The Virginia Cavaliers needed overtime to win the 2019 national championship - a fitting final hurdle after years of early March exits - but Tony Bennett's program had already proven to be one of the most consistent teams in college basketball.
Virginia has earned either a 1- or 2-seed in five of the last six NCAA Tournaments. All five of those top-two teams ranked top six in Ken Pomeroy's trusted statistical ratings, with the only outlier, the 2016-17 squad, placing a mere 12th.
One of the keys to Virginia's sustained success has been cohesion. And with the team's three most important players - De'Andre Hunter, Kyle Guy, and Ty Jerome - heading off to play professionally, it's a factor that will test Bennett and Virginia as they look to sustain success in 2019-20.
Victories led by continuity
One of the statistics that KenPom calculates is minutes continuity, which is defined as the percentage of a team's court time that is used by the same players from one season to the next. It's a deeper way to measure experience and cohesion versus simply calculating the number of upperclassmen or returning starters a team is bringing back.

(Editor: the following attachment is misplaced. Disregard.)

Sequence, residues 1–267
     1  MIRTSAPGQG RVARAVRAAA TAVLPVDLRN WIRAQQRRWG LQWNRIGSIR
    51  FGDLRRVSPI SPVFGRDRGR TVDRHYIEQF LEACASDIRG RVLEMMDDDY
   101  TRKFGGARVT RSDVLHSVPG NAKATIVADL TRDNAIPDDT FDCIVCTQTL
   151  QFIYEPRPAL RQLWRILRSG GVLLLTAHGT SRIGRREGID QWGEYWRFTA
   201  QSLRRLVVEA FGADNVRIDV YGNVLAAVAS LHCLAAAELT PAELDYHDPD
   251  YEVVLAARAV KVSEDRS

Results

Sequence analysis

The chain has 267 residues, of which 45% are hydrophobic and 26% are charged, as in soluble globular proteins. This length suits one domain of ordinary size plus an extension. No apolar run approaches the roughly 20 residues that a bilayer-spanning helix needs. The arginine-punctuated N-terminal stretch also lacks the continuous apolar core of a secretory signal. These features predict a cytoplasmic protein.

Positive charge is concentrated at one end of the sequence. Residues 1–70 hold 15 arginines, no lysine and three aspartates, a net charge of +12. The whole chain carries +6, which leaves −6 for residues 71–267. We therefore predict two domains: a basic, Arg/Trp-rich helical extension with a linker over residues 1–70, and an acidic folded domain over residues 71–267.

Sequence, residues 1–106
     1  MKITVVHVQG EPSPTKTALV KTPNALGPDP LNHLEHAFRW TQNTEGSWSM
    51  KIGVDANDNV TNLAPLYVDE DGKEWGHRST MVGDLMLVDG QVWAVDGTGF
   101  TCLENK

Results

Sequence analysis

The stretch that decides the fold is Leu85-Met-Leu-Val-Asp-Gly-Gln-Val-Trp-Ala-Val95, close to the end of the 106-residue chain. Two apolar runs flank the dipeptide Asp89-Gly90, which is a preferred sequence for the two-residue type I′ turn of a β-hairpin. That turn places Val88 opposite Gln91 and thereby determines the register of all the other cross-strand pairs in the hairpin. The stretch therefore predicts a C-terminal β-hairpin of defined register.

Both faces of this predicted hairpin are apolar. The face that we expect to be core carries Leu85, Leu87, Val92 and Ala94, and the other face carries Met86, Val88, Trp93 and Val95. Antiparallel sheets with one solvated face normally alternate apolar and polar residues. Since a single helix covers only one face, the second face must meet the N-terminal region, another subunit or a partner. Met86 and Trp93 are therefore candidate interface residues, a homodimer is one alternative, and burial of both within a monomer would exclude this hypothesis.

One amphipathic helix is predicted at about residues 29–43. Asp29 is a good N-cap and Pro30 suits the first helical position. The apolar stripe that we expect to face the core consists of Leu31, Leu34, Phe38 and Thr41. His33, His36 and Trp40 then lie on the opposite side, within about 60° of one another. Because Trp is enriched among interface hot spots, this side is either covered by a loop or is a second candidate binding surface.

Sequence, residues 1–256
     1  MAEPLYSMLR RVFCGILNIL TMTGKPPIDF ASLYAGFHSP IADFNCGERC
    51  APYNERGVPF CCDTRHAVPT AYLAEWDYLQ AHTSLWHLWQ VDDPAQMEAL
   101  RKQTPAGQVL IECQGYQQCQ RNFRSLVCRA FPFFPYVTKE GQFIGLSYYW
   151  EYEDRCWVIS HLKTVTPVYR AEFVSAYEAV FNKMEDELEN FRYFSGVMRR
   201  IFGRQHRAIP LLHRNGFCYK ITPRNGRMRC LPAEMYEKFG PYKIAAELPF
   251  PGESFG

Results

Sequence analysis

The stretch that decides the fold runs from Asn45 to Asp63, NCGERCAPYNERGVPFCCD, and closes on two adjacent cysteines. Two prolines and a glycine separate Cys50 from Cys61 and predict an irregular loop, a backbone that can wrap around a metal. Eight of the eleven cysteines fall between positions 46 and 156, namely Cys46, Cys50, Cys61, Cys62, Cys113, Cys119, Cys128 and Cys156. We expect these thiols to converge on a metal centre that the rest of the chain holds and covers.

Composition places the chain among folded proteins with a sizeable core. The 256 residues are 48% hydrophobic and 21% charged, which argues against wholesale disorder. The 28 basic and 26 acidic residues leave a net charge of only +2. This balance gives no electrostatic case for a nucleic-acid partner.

The Cavaliers have consistently ranked above the Division-I average using this method. This past season, 60.2 percent of their minutes were claimed by the same players who used them in 2017-18, and that number has not dipped below 55 percent in the aforementioned six years.
Virginia has gone 178-36 in that span.
Of course, it hasn't been just anyone, as the Cavaliers have been able to rely on the same go-to players from year to year. After becoming the first No. 1 seed to lose in the first round of the NCAA Tournament, Virginia brought back the entire Hunter-Guy-Jerome trio for 2018-19, with much better results.
That core ultimately combined to score 67 of Virginia's 85 points in the championship win over Texas Tech, and all three are hoping to be selected in Thursday's NBA draft.